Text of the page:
Hot peppers on the playground lead to school evacuation

Mike Krumboltz
The Sideshow

Habanero peppers hidden on a playground led to the evacuation of a school and the hospitalization of several Lakewood, Colo., students on Monday.

Students had complained of skin and eye irritation. Officials were initially unsure what was causing the illnesses, according to 9 News. On Tuesday, authorities announced that the "toxic irritant" was pieces of about six habanero peppers that had been mixed in with the playground's wood chips.

 Jefferson County schools spokesperson Lynn Setzer told the Associated Press it isn't yet known how the peppers ended up on the playground.

Police, firefighters, and a hazardous materials team all responded to the scene. Students ranging from prekindergarten through 12th grade attend the school. Some were treated on the scene; others were taken to the hospital for further observation.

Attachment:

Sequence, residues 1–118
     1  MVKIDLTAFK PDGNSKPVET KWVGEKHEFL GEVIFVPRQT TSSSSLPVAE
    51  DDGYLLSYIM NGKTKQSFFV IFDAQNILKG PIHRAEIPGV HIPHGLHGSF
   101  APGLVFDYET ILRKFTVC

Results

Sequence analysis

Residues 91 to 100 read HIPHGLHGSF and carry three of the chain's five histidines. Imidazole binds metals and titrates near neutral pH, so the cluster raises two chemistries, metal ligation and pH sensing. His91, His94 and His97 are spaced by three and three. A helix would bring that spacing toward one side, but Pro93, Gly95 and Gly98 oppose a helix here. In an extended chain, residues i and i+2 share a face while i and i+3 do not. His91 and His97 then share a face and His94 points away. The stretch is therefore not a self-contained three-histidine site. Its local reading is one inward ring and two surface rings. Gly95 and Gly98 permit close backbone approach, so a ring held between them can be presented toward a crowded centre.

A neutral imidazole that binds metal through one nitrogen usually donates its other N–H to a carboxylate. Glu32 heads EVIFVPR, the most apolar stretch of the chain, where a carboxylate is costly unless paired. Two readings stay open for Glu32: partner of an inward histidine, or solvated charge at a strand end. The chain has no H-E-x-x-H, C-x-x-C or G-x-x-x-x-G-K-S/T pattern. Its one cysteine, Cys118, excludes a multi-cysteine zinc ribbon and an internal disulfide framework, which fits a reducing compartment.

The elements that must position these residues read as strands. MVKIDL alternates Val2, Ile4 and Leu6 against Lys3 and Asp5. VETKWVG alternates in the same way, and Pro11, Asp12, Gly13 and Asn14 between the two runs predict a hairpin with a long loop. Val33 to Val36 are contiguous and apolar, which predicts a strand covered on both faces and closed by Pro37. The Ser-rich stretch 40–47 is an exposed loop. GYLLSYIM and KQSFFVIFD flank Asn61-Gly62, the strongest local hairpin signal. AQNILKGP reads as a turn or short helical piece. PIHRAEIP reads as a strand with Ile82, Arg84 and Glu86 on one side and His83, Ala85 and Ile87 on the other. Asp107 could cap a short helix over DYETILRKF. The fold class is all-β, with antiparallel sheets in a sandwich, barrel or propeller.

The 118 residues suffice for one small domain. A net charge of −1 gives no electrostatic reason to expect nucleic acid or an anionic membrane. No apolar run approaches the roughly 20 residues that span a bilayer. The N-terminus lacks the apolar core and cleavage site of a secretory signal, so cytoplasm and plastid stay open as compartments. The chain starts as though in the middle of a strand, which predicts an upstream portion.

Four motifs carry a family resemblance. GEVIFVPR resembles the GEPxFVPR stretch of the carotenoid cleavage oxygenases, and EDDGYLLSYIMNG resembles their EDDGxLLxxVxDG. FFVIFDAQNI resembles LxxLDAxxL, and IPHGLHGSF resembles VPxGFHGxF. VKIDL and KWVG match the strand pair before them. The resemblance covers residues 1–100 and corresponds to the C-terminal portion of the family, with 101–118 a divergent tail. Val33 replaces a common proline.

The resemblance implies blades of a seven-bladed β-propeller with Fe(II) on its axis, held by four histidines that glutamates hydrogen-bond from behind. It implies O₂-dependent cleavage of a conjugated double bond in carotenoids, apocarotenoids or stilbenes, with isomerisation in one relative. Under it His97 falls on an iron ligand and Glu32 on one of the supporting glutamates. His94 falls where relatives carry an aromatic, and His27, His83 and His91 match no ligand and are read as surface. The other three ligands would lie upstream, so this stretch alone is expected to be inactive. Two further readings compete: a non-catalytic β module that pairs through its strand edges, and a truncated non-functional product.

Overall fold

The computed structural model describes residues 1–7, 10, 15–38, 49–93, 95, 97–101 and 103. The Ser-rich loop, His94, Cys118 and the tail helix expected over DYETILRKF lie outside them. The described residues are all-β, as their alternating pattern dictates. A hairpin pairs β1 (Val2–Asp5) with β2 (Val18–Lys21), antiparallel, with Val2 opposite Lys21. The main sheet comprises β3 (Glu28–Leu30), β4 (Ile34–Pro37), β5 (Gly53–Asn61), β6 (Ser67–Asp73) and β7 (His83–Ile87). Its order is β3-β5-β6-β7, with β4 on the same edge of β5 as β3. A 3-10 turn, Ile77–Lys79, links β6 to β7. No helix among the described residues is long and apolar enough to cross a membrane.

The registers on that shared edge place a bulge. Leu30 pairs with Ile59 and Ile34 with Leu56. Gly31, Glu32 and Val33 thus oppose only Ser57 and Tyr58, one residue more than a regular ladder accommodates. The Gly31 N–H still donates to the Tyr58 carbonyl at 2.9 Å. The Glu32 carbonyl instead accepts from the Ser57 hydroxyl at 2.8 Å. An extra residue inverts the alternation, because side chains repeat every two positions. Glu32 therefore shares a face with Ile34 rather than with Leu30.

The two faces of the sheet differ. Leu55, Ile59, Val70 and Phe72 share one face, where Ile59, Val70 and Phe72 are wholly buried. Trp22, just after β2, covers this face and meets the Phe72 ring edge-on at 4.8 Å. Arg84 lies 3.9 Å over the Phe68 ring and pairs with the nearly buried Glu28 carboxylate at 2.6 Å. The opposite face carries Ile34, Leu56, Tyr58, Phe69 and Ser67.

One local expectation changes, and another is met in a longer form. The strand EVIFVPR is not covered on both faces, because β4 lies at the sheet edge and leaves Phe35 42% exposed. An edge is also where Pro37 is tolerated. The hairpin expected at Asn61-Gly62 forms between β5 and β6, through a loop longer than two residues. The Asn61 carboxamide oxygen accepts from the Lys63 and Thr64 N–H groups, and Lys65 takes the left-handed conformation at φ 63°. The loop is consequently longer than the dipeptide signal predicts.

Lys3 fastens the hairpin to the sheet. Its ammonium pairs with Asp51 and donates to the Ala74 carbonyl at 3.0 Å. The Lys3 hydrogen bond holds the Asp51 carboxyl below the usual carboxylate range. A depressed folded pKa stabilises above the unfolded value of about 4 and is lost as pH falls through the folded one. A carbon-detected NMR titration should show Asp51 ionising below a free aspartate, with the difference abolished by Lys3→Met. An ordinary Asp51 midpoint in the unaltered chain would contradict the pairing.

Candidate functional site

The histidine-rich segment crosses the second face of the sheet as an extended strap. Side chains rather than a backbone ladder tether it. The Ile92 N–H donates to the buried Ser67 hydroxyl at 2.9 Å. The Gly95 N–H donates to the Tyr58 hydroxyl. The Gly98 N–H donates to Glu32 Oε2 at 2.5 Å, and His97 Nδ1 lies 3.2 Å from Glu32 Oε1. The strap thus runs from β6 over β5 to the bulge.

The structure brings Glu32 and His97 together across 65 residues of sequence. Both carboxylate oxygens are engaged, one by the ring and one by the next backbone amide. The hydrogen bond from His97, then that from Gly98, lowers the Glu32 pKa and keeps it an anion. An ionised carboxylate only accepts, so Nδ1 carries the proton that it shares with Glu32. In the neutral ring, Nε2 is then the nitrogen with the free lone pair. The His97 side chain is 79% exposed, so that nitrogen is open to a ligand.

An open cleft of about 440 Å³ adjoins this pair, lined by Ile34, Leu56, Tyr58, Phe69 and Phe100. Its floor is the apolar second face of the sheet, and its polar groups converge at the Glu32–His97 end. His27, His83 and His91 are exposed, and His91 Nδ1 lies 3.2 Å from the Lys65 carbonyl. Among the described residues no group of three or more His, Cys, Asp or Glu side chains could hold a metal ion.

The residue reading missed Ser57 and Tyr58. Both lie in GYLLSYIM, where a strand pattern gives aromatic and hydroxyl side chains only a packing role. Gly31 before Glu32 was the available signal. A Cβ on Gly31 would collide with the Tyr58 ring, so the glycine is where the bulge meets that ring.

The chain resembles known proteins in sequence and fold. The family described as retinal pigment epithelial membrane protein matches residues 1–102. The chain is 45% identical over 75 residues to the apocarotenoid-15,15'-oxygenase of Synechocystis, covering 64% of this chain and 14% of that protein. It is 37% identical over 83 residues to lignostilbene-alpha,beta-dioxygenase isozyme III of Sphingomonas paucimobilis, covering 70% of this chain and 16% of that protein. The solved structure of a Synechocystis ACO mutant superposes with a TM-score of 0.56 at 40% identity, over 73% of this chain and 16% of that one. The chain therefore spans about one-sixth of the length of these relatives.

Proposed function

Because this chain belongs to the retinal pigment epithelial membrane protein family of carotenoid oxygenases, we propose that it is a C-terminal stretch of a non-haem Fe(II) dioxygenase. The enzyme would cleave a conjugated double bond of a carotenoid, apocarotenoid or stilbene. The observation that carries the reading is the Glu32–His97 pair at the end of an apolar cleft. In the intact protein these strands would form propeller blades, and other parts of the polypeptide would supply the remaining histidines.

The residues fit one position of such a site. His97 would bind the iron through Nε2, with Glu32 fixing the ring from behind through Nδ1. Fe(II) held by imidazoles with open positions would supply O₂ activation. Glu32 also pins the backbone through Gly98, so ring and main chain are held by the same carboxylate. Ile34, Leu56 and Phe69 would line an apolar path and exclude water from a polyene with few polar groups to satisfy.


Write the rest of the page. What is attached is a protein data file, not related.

Following the evacuation, all students were sent home. The school was closed on Tuesday so that playground equipment and indoor surfaces could be cleaned. Classes are expected to resume on Wednesday. Authorities don't expect any long-term effects, according to 9 News.

It may sound ridiculous that a few peppers could lead to hospitalizations and the closing of an entire school, but habaneros are many times hotter than the spicy jalapenos that are familiar to many people. It's recommended to wear gloves even just to touch habanero peppers.

A habanero can score between 200,000 and 300,000 Scoville heat units. A jalapeno, by comparison, scores a comparatively frosty 5,000.

So, yeah, handle with care.

Follow Mike Krumboltz on Twitter (@mikekrumboltz).

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